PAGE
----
As we told you yesterday, roughly 100 of the SF Symphony musicians went on strike in protest of a prolonged wage battle with their management. The musicians, who canceled today's performance, are demanding a raise, citing the astronomical rent in San Francisco and real concerns that the local talent will leave San Francisco.
In an open letter to symphony management, the musicians crafted a clever analogy for poaching in the orchestra world. "Next season we are losing a world-class timpanist, David Herbert, to Chicago, which would be like the San Francisco Giants losing Buster Posey to the Dodgers."
Apparently, classical music is cutthroat.
To punctuate the ongoing protests, Herbert has decided to publicly explain what led to his departure.
See Also: SF Symphony Goes on Strike
First off, he blames symphony management for creating a "hostile and unappreciative" working environment. Now might be a good time to tell you that his contribution is perhaps one of the coolest parts of the symphony -- he plays the kettle drums that wake everyone up during a dramatic number.
In a letter to the symphony community, which was copied to SF Weekly, Herbert wrote, "I will always admire and respect the musicians of the San Francisco Symphony and our music director, Michael Tilson Thomas, but as an artist and as an employee I want to be in a workplace where I am valued and supported by management, and where I am considered an asset rather than an inconvenience."
Herbert outlined two main gripes with the local Symphony: a cultural disconnect between musicians and management, and a failure to provide musicians with the practice space they need in order to rehearse. He detailed how because of the lack of space, he was forced to rent his own practice area and furnish it with extra instruments.
Now Herbert is leaving the SF Symphony for the Chicago Symphony -- one of only two orchestras where musicians make more money than those in San Francisco's.
Here's his full letter:
For eighteen years I have had the incredible opportunity and privilege to serve as Principal Timpani of the San Francisco Symphony. These years have been the best years of my musical life. As a member of this world class orchestra I have shared with my colleagues the honor of winning multiple Grammy Awards. We have benefited from daring and visionary projects brought to life under the leadership of our Music Director, Michael Tilson Thomas, and we have had the enduring support of our great audience, a strong donor base, and a generous and enthusiastic Board of Governors.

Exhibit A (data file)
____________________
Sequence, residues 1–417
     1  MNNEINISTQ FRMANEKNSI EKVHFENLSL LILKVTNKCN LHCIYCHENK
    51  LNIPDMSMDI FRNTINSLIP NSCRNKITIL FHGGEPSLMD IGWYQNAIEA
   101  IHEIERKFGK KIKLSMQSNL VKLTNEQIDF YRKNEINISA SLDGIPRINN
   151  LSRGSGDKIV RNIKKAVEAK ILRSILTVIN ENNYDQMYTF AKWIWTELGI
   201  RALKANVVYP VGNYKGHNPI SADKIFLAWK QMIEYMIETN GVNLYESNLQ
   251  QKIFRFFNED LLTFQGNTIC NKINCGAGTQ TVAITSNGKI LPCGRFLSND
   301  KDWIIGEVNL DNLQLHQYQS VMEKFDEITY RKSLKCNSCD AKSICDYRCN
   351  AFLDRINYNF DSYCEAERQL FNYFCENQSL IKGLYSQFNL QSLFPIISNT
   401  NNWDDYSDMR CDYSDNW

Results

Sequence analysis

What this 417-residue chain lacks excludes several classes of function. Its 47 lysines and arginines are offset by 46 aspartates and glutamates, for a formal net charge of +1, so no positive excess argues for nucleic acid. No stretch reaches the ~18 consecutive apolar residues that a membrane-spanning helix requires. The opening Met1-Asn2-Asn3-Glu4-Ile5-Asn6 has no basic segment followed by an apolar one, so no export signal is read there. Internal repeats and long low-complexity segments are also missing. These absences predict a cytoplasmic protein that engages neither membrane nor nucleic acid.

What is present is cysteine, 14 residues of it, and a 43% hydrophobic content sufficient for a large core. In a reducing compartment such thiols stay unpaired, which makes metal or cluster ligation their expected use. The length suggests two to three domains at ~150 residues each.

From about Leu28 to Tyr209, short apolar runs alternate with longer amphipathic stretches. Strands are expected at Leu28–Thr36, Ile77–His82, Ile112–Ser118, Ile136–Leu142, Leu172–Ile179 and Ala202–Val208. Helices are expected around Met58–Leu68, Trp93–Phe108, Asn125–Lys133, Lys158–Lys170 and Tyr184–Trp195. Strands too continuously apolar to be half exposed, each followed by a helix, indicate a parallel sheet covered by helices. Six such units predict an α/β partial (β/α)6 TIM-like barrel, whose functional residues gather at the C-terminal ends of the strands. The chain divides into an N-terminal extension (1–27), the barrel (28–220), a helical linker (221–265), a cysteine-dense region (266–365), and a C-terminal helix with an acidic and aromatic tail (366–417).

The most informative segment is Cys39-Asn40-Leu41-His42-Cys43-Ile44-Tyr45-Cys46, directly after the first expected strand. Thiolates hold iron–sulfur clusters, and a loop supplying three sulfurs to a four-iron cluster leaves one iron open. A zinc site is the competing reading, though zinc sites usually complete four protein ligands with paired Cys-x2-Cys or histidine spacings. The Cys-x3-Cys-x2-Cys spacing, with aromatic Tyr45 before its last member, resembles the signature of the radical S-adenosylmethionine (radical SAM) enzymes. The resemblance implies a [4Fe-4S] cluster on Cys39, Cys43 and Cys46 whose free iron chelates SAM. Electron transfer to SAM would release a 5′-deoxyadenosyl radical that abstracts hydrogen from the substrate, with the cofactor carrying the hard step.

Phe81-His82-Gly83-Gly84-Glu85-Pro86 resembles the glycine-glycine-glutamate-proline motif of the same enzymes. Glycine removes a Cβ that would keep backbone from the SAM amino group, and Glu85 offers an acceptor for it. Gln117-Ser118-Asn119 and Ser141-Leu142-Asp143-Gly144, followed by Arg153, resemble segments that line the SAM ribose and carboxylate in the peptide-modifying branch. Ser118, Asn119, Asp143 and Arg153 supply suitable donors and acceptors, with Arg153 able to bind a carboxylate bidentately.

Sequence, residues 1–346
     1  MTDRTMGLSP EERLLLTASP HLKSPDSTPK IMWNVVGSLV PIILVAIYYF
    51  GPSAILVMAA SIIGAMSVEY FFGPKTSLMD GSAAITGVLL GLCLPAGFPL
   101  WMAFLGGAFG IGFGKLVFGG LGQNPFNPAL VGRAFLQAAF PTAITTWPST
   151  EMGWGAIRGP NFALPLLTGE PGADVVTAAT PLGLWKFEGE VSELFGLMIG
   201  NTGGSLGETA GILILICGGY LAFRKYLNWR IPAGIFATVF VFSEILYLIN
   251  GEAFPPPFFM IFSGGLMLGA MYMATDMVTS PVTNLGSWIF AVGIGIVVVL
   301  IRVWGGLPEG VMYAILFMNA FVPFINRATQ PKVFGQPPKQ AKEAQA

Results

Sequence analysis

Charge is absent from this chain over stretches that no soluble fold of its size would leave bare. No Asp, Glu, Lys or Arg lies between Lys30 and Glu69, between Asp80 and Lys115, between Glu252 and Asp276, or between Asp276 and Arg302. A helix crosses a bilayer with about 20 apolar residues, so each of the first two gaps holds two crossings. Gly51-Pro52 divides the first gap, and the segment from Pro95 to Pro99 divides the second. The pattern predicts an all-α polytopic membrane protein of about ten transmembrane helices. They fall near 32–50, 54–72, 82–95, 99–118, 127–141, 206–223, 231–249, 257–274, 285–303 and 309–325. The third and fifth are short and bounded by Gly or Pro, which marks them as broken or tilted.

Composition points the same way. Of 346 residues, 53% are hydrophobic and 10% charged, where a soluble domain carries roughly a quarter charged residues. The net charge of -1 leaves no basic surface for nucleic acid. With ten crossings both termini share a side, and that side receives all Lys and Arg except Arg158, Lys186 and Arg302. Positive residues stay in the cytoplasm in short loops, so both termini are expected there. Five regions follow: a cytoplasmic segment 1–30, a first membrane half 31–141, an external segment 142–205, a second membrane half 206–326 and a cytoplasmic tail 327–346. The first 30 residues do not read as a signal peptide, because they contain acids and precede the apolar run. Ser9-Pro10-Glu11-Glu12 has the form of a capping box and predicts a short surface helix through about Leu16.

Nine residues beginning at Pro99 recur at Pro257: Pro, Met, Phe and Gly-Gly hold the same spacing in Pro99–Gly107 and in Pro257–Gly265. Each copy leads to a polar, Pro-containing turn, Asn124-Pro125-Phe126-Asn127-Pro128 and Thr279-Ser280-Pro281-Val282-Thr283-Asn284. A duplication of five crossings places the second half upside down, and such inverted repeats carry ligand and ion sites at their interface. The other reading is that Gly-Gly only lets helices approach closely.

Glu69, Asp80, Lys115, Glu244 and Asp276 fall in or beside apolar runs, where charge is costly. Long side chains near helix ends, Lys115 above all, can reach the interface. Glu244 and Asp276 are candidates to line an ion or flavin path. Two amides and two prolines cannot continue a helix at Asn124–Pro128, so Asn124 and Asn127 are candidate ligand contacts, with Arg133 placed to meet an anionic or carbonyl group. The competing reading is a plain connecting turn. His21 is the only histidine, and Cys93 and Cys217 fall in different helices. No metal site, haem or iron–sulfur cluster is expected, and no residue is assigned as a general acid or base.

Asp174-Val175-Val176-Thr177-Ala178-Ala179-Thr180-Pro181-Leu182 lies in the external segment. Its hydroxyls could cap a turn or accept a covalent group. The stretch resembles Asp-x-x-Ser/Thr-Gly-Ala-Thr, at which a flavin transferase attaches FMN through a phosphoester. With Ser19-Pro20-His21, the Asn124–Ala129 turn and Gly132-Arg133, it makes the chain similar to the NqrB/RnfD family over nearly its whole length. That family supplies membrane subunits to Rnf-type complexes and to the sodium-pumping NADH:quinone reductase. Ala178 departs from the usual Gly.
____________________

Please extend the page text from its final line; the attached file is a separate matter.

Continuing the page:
Unfortunately there has grown, over time, a cultural disconnect between the San Francisco Symphony Management and the musicians of the orchestra who make the music come to life. The increased divide between my colleagues' service to the music and the failure of the San Francisco Symphony Management to recognize such commitment has been disheartening.
In contrast, the Management of the Chicago Symphony has worked and committed resources to growing a culture and philosophy that puts the music and the musician first. They are making that fact very clear by their commitment to me economically and artistically. As a result, my ongoing pursuit of excellence as Principal Timpani of that great orchestra will be allowed to flourish.
The work ethic required from every member of the orchestra is enormous and our practice away from the stage is integral to that excellence. Every musician in the San Francisco Symphony spends at least as much time in our personal practice and preparation as we spend with our colleagues in rehearsal and concerts. As Principal Tympani, the arrangements, organization and support needed to arrange on site access to instruments and space in which to practice is a necessity. The management of the Chicago Symphony has recognized this as a given and have done nothing to impede my abilities to perform at the absolute highest level by offering ease and unrestricted access to instruments and consistently reliable space in which to practice at Orchestra Hall.
Again, in sad contrast this has not been the case with the Management of the San Francisco Symphony. While I have had support and as much encouragement from our stage technicians as they could provide under difficult conditions, I have had no cooperation from our management and instead have encountered only a negative attitude with little or no attempts at problem solving. This has exacerbated an already impossibly challenging and unmanageable workplace. I was eventually forced to rent, at my own expense, practice space at another location and to purchase additional instruments.
I will always admire and respect the musicians of the San Francisco Symphony and our Music Director, Michael Tilson Thomas, but as an artist and as an employee I want to be in a workplace where I am valued and supported by management, and where I am considered an asset rather than an inconvenience.
And there's his swan song.